Climate protection policy uses a mix of different instruments. In this area, too, command and control regulations (obligations, bans, quotas, caps etc.) play a significant role. Many technologies are subsidised; just think of renewables. At the same time, and alongside regulatory law, policymakers use market-based instruments, such as energy or carbon taxes or emissions trading. These tools aim to internalise the negative impact of greenhouse gas emissions. While it is quite possible to “put a price” on carbon dioxide and other greenhouse gases, it is no viable idea to put a price on the coronavirus.
Right now, climate protection measures are widely accepted in many countries. In fact, survey participants often say that they would support stricter climate protection policies. One reason for the high degree of acceptance is certainly that the costs of climate protection measures are not very transparent and spread across a long period of time. People bear them by paying higher prices for everyday goods or paying taxes (or not benefiting from tax cuts). Moreover, climate policy has only small effects on everyday life so far. As long as people can afford it, they can travel without restrictions, live in large flats or houses and heat them as they like, use more and more electronic consumer goods, surf the internet at will, download films and music, buy any car they like, eat meat and tropical fruit etc. However, even as people say in surveys that they are in favour of climate protection they are often less willing to shoulder (considerably) higher costs for this goal.

Lessons from the corona crisis for climate protection policy: New technology and adaptation promise better success than sacrifices

The coronavirus crisis has shown that people accept major restrictions laid down in regulatory law if there is an acute threat. At the same time, the global debate about easing the lockdown also shows that acceptance of such measures wanes over time as the threat recedes. We do not believe that people in western democracies will accept similar constraints of everyday life for climate protection purposes in the coming years. First, the threat perceived at the individual level is not sufficiently acute, second, people feel they can adapt to climate change over time and to a certain extent, and third, every citizen and even every country can make only a small contribution to climate protection. Like it or not, but most people simply will not be willing to make sacrifices if others don’t.
There is the option of relying on higher carbon prices (instead of regulatory law) to make people behave in a more climate-friendly way. Market-based instruments are indeed more efficient and effective (both in economic and ecological terms) than either regulatory law or technology-specific subsidies. In fact, this seems to be the only realistic way to achieve the ambitious long-term climate targets. However, if carbon prices rise above a certain level and people can no longer afford everyday conveniences (such as travelling), majorities in western democracies may gradually shift. From our vantage point, there is a significant risk that excessive climate protection measures (implemented either via energy and carbon prices or via regulatory law) may strengthen parties on the political margins.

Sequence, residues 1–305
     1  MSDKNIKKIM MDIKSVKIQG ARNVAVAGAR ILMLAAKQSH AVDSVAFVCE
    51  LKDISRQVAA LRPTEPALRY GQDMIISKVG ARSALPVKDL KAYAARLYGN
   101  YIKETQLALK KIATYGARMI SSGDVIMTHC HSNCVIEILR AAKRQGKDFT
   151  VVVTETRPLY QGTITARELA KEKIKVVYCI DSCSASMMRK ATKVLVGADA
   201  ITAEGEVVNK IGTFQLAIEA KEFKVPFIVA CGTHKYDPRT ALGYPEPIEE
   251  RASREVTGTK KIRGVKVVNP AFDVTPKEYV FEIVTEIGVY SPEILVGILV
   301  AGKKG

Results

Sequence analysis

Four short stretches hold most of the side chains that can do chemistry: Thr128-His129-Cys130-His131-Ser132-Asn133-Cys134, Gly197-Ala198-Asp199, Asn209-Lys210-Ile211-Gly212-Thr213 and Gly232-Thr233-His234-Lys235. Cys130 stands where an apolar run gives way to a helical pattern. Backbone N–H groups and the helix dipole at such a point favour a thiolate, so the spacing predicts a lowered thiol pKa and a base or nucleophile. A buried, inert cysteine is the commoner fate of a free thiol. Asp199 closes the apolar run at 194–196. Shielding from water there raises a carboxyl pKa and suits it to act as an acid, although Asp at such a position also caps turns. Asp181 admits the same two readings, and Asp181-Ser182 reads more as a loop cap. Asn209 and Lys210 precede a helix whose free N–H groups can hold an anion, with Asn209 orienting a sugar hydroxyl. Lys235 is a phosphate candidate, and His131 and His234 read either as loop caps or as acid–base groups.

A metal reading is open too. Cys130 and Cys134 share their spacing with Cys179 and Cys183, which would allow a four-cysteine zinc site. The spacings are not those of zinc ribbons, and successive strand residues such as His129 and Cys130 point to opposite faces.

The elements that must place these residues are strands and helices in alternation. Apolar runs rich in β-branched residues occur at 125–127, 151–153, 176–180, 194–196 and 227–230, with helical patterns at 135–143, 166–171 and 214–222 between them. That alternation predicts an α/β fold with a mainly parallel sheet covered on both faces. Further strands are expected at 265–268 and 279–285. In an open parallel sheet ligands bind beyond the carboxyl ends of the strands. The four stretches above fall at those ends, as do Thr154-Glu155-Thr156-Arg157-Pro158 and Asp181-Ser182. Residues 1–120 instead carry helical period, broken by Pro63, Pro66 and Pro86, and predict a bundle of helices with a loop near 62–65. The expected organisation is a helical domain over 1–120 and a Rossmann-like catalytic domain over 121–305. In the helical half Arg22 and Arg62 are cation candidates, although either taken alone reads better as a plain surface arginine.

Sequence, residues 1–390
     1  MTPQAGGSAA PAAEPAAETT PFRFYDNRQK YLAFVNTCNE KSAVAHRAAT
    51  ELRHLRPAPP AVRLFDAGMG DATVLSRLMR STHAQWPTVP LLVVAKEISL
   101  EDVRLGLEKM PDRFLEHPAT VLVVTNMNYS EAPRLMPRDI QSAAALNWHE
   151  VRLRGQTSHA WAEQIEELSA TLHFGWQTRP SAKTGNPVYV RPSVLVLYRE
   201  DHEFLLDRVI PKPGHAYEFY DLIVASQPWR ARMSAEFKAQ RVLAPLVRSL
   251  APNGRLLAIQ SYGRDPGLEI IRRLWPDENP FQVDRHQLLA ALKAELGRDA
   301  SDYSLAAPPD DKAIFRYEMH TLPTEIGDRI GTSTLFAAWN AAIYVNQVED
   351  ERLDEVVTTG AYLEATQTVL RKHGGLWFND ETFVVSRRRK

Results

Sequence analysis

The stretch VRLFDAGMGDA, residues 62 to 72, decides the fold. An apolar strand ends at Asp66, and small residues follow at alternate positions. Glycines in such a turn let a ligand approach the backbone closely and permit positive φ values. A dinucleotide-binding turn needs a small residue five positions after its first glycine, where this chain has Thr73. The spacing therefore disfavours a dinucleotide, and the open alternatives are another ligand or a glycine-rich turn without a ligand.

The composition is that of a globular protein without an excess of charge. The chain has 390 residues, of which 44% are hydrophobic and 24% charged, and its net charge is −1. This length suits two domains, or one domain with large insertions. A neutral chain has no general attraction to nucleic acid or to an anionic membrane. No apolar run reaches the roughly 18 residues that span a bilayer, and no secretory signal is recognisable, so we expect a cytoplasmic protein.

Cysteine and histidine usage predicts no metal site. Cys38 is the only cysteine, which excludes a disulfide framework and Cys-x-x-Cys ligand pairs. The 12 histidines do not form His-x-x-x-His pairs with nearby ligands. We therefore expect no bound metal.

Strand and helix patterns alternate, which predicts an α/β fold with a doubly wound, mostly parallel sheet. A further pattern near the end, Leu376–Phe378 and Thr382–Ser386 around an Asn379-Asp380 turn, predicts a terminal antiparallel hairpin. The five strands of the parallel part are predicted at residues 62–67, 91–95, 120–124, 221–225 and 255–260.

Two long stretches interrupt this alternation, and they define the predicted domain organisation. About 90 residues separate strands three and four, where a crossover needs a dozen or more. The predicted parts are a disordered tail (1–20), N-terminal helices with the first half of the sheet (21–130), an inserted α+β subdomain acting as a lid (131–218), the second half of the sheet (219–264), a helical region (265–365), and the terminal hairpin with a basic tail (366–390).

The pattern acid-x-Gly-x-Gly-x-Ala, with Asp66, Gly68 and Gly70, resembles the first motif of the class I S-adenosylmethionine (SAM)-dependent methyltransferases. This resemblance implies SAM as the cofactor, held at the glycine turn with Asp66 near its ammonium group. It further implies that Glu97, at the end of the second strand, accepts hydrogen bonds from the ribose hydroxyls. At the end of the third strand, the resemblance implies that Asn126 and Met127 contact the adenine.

The corona crisis has also shown that millions of jobs hinge on everyday activities and luxuries which are currently out of bounds and which may appear superfluous at first sight. Due to its significant economic impact, it is impossible to fight the corona crisis simply by a continued lockdown of the economy. In the long run, new technologies are the only option. In the coronavirus context, these new technologies take the form of efficient drugs and vaccines, which are currently being researched around the world. In the meantime, we can only try to contain the virus by ensuring good hygiene, relying on social distancing etc. In addition, we need to adapt to the virus.
In some respects, the corona crisis is a blueprint for climate protection policy. In that area, too, we need better technologies than those available today. We need high-performance, low-carbon, controllable and cheap sources of energy which permit climate-friendly growth. That is what the world’s best minds should focus on in the coming years. Most people will be unwilling to accept persistent, massive growth losses and/or restrictions on individual consumption and production choices for climate reasons in the long run; moreover, the costs would be extremely high. Once again, as long as the necessary technology is not available, we will have to try and slow down climate change by using the tools available today. And, of course, some adaptation to climate change will be necessary.